Gibson later released a 1968 Tom Scholz Les Paul. Gibson describes it as "a landmark of rock history," recreating the star's own stripped-down and hot-rodded '68 Goldtop Deluxe just as it was used by Tom to create his most notable recordings.

Tom shared with me that he was extremely honored to have a signature Les Paul from Gibson. He provided the measurements of the neck so that the company could closely match the original. Only 300 were produced, and he has a few in his lineup of guitars.

Although the conversation was focused on music, I eagerly inquired about the name Boston and why he selected it. I assumed that it might have had something to do with him attending MIT or that he lives in the Boston area, but the true reason is much more interesting.

He told me, "It was more than where I live. I grew up in Toledo, Ohio. I was interested in the Kinks and the Yardbirds. At night, you could get a Boston AM rock station and I would listen to the Boston sound on WBZ in Boston. I could only get it at night while I did my homework, and I would listen. Listening to the music from the city of Boston got me into rock and roll. My influences came from Boston long before I ever got to Boston."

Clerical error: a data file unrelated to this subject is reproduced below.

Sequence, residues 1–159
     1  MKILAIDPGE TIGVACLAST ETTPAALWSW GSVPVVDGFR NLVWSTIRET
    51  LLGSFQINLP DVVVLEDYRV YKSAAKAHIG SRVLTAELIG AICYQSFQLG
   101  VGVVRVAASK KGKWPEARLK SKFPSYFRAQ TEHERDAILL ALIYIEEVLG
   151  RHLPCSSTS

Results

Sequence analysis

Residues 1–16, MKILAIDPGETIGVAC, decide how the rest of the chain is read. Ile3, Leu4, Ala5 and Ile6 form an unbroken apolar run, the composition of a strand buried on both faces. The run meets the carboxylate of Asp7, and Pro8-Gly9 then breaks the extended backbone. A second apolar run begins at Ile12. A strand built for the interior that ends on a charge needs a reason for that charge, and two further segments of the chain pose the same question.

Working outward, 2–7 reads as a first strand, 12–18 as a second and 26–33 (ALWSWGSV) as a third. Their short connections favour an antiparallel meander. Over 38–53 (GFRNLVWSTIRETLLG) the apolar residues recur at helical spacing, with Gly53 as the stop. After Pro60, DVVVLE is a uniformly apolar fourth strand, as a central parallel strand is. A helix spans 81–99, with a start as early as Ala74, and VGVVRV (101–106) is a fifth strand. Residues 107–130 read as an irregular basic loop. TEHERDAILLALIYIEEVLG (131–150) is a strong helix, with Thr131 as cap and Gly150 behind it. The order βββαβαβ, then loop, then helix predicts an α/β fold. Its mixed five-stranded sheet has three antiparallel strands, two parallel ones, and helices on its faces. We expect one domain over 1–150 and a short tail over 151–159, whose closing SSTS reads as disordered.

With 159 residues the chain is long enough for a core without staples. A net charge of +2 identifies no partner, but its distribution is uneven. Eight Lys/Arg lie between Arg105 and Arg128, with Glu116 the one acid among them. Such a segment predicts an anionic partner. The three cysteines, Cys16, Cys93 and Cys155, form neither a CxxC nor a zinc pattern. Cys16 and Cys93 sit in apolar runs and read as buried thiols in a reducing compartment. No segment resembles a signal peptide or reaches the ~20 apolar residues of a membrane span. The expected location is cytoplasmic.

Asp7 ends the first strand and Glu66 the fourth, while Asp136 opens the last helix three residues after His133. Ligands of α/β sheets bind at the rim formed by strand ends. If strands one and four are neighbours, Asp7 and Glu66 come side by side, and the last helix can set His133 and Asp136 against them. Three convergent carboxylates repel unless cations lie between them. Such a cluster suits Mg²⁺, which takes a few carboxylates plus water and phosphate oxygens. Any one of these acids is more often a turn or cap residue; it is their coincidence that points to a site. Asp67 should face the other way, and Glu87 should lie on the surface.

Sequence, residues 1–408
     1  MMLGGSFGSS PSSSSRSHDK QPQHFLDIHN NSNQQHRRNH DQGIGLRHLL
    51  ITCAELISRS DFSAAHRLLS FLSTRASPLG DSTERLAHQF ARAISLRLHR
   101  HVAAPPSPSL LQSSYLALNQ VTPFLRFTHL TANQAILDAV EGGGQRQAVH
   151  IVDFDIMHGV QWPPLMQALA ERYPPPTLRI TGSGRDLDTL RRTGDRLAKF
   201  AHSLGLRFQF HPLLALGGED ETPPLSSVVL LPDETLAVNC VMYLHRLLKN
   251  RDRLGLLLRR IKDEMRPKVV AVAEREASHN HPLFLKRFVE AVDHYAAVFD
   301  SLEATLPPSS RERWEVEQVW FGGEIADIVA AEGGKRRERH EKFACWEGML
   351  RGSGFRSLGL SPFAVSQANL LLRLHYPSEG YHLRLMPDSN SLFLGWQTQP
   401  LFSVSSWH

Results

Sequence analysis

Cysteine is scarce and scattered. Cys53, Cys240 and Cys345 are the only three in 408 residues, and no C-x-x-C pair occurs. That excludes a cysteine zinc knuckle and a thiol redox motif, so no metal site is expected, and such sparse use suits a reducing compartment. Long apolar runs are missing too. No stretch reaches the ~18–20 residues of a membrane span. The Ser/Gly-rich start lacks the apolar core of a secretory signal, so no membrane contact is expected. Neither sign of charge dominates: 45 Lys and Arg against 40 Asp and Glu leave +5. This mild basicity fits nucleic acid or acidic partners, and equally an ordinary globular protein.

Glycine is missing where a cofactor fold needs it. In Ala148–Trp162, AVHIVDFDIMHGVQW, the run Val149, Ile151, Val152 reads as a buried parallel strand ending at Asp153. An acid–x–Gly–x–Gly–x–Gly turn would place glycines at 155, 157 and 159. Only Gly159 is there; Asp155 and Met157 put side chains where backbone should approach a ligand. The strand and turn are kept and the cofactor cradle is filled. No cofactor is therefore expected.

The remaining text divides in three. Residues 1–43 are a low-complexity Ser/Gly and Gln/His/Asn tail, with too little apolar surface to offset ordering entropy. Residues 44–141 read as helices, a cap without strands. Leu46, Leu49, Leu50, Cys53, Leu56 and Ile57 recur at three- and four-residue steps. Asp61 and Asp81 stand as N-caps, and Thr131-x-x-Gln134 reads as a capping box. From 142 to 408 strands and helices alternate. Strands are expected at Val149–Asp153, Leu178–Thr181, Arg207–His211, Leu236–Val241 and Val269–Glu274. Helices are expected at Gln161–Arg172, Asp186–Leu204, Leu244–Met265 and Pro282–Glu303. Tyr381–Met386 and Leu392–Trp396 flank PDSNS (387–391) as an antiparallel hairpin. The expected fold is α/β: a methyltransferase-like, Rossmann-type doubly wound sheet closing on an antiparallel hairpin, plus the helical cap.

I followed up with the question that I was most eager to learn about the band--or the artwork, to be more specific. Why are there spaceships on the album covers and on stage? Tom laughed, and I understood why after hearing the story about the artwork of the first album.

He told me, "The creative service department for the cover provided three ideas: Boston lettuce, Boston cream pie, or a pot of Boston baked beans. What does this have to do with the music? This music is from another world and should have a spaceship on it or a guitar that looks like a spaceship."

Roger Huyssen was able to deliver the iconic album cover that many of us are familiar with. Tom admitted to being a science fiction fan and stated, "That image has stuck with everybody and it really captures the idea of the music that is on the album. When I thought about visuals for the next tour, it always started with a spaceship. Sci-fi space adventures are my whole thing."